Good content includes educational articles, blog posts, e-books, instructional videos, non-promotional webinars.

    Bad content includes press releases, product specs & pamphlets, technical whitepapers, sales presentations.
  • Does your content help answer the buying cycle questions and pain points identified in Step 2? If so, at which steps in the buying cycle?
  • Are you currently working with any content creators (either internal or external to your company)? What are they working on right now? Will that content help answer anything from Step 2?

Step 4: Create a Marketing Automation Content Road Map

Now that you've mapped out the buying cycle and the problems related to each step, determine what content you will deliver to prospects at each step to address their questions and pain points:

  • Think about who, specifically, would receive each piece of content: How would you identify whether a person is at this stage in the buying cycle and create a distribution list?
  • What channel would you use to deliver this content? (search, email promotion, newsletter, display advertising, social media?)

For the steps for which you don't have ready content, ask yourself:

  • Will our nurturing efforts make sense if we don't have this piece of the puzzle in place before we implement marketing automation?
  • How long will it take to create that content?
  • Can we still send campaigns to one segment of our prospects now, but allow other campaigns to wait until the content is complete?

Content Road Map Template:

Step 5: Buy Marketing Automation Software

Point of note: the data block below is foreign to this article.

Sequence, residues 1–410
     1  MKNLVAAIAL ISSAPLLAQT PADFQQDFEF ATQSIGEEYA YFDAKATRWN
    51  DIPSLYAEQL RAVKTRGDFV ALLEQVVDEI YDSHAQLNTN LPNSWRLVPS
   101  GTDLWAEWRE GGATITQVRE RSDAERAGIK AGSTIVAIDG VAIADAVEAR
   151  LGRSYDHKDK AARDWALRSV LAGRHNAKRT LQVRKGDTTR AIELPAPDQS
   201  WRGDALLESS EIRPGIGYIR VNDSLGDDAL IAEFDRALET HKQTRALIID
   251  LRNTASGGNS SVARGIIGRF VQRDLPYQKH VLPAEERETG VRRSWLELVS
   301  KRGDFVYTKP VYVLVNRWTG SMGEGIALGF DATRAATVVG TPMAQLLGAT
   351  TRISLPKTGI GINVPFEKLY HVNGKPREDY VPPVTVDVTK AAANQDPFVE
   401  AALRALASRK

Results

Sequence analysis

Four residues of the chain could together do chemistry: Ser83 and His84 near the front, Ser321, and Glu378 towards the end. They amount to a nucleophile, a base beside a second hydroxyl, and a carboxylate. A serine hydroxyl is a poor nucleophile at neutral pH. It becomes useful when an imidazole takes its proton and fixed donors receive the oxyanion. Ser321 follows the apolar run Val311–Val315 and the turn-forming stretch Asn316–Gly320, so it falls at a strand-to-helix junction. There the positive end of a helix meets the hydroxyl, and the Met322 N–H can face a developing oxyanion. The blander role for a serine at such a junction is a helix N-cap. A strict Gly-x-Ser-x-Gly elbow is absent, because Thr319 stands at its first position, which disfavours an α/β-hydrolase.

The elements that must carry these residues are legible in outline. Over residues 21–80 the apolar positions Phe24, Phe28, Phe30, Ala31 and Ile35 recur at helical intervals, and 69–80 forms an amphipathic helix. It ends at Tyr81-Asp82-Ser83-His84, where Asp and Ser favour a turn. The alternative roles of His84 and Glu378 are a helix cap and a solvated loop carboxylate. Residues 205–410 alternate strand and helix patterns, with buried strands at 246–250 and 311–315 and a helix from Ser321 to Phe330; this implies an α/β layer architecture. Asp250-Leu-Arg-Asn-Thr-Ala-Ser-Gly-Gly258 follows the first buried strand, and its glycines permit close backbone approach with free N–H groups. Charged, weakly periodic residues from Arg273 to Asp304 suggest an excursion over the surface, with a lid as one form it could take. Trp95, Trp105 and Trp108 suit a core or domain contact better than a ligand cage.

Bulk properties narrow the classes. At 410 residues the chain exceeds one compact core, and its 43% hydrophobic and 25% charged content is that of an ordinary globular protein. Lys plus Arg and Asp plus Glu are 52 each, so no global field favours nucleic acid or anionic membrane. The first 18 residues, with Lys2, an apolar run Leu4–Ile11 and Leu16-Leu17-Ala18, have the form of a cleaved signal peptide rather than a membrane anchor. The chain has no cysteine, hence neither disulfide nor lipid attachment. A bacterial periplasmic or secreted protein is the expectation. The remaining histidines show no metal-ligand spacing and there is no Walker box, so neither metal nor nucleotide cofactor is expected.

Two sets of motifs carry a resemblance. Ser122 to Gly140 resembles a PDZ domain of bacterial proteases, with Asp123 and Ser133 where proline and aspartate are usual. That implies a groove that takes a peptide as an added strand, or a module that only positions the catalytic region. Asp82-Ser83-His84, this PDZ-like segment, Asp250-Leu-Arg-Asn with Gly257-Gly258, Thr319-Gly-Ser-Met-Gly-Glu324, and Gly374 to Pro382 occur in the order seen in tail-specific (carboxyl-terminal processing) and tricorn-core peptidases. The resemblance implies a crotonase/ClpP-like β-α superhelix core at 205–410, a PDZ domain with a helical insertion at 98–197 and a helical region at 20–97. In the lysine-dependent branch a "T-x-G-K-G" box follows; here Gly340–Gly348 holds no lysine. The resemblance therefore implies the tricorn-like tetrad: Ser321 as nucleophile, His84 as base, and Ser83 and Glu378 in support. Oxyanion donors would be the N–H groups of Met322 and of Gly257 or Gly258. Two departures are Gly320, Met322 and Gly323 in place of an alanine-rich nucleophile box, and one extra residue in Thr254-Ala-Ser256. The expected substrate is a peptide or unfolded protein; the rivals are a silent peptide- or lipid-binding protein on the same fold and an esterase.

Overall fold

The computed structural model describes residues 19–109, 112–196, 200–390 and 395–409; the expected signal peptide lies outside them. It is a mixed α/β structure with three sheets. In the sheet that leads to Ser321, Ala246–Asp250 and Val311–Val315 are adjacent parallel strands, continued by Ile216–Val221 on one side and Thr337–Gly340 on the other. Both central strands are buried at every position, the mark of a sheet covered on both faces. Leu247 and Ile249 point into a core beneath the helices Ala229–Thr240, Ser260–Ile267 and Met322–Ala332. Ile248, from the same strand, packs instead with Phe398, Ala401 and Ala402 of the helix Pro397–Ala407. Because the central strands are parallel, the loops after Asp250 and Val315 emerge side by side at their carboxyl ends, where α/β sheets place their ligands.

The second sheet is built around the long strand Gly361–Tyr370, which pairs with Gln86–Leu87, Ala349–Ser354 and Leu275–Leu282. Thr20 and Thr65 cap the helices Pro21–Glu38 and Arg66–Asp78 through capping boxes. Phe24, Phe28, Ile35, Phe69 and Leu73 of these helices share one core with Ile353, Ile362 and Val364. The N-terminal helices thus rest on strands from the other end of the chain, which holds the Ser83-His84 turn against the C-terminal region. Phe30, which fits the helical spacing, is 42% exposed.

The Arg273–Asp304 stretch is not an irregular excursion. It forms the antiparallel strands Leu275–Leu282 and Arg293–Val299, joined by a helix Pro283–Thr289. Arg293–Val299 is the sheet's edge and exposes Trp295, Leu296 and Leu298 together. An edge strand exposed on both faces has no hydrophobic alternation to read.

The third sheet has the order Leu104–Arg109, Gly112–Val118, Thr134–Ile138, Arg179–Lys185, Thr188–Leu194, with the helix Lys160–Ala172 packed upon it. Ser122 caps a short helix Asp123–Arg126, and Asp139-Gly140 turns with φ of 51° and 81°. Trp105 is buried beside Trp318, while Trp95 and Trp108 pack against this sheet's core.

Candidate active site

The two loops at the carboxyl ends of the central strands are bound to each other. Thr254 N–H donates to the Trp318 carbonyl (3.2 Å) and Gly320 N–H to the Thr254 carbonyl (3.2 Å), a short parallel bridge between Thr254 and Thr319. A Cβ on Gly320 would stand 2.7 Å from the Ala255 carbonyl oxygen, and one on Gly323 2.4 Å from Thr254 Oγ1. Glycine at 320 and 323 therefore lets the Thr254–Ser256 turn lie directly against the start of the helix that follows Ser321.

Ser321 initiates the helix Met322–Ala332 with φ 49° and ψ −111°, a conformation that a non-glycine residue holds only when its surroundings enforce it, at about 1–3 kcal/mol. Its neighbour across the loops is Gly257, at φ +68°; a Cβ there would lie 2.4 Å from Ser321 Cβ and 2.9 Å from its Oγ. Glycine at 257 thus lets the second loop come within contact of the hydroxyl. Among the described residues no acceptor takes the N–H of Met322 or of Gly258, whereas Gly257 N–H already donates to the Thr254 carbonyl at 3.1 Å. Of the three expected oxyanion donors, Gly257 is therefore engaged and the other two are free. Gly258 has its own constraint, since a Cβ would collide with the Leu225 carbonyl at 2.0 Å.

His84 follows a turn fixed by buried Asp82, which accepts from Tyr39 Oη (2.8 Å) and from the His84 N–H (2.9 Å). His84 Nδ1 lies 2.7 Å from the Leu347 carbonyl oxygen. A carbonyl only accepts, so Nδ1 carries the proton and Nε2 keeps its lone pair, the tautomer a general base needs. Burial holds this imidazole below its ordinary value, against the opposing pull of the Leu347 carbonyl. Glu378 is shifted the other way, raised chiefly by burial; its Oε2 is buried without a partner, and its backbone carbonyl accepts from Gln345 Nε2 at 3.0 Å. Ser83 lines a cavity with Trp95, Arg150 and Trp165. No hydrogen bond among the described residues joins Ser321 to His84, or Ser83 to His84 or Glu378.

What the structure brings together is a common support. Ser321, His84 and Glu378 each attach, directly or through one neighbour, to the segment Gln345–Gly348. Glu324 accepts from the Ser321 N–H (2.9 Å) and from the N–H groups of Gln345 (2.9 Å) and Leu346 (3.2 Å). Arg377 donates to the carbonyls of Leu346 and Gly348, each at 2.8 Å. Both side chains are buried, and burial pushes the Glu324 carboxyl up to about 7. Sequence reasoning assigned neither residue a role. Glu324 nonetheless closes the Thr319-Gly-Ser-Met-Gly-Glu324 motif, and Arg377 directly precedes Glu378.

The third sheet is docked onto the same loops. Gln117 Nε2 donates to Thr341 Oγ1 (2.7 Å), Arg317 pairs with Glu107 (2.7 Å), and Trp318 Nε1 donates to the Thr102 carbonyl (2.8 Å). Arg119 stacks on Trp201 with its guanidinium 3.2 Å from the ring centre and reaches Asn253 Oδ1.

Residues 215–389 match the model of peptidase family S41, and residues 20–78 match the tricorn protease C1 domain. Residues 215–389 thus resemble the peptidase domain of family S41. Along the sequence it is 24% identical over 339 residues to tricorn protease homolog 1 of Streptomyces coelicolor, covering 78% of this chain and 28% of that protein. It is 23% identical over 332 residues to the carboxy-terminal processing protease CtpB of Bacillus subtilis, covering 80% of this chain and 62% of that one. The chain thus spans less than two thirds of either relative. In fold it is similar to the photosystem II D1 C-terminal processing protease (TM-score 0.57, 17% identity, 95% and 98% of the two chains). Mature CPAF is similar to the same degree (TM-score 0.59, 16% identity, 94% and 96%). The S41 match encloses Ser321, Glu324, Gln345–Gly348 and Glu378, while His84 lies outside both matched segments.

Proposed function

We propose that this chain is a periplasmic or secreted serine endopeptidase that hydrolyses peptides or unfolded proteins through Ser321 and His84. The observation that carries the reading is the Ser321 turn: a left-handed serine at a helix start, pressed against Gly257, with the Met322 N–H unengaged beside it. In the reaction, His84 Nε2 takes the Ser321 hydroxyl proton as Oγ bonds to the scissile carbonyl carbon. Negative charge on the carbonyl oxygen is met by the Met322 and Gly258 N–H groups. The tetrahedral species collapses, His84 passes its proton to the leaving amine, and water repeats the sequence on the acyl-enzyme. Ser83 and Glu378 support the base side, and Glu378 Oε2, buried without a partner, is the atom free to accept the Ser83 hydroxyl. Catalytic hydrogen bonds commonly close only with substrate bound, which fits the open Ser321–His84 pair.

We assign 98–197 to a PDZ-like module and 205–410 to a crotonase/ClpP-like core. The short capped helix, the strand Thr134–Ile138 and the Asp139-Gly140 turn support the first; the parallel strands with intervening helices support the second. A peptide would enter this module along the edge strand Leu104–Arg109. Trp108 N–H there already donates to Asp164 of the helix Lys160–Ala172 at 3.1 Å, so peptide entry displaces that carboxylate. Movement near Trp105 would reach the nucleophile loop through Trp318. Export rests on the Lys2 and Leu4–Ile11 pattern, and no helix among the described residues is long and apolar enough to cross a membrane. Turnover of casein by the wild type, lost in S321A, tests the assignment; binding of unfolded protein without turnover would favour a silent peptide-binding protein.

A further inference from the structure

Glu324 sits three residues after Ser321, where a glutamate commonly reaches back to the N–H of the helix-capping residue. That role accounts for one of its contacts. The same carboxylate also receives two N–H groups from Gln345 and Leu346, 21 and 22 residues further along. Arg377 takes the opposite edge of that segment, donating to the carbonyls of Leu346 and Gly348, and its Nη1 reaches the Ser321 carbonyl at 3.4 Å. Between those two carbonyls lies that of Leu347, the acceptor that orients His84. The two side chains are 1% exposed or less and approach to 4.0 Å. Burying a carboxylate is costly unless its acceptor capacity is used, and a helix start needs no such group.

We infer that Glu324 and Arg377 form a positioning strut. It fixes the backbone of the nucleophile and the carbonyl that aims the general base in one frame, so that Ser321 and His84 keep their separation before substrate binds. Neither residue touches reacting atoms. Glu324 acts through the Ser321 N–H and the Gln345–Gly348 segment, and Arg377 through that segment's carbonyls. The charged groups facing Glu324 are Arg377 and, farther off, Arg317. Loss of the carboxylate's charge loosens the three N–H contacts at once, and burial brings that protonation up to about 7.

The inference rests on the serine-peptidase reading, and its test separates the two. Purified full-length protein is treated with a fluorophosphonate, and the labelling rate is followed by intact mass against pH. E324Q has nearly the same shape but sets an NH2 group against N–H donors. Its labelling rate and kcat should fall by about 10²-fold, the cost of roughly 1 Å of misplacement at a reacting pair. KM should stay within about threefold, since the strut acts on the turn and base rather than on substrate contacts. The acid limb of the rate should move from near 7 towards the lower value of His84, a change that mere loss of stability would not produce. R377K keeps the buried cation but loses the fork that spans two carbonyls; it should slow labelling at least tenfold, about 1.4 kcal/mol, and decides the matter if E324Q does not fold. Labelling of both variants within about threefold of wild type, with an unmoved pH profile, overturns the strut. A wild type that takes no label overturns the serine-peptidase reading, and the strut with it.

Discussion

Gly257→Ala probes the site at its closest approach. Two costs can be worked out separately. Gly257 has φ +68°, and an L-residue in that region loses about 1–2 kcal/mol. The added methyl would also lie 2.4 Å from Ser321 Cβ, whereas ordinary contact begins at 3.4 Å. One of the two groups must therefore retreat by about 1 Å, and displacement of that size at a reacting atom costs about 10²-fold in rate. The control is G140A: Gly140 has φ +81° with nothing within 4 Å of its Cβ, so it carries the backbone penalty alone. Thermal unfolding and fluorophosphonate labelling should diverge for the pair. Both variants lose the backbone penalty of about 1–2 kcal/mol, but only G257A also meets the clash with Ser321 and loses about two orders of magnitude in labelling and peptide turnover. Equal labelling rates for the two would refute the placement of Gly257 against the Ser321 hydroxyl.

With your content road map in place, you'll be able to figure out what you need in a marketing automation software program. If too many spaces in your content road map are still blank, then make a plan for how you will fill them once you have marketing automation or whether you can start producing that content now.

When you're ready to start shopping...

  • Evaluate marketing automation software to determine which system would best allow you to deliver this content and information to your prospects.
  • Decide which features and functionality are must-haves. Remember that some marketing automation solutions have social media functionality and others don't. Some have more robust email capabilities than others. Refer back to your content road map to help you define your product requirements.

Keep in Mind...

So it seems like a pretty simple, five-step process, right? Sure. But preparing to buy marketing automation software can take several months, even up to a year.

As you're preparing for this big purchase, remember the following:

  • Don't rush to create content in order to speed up your marketing automation implementation; if you do, neither will work well!
  • Poorly written content may beget a large number of leads, but they'll generally be of poor quality (which is the opposite of what marketing automation is trying to accomplish). Take your time to write quality content to get quality leads.
  • Go deep with your content. Becoming an expert in your field and being respected as a thought leader in the industry will get ultimately you the best leads. But that doesn't happen overnight!

If you're a marketer who's already taken the plunge into marketing automation, how much content did you have before you felt comfortable making the investment in MA software?

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ABOUT THE AUTHOR
image of Katie Hollar

Katie Hollar is the marketing manager at Capterra, a free service that helps people find and compare business software. She blogs about B2B marketing and recently bought marketing automation software for Capterra and chronicled the process at MarketingAutomationDiary.com.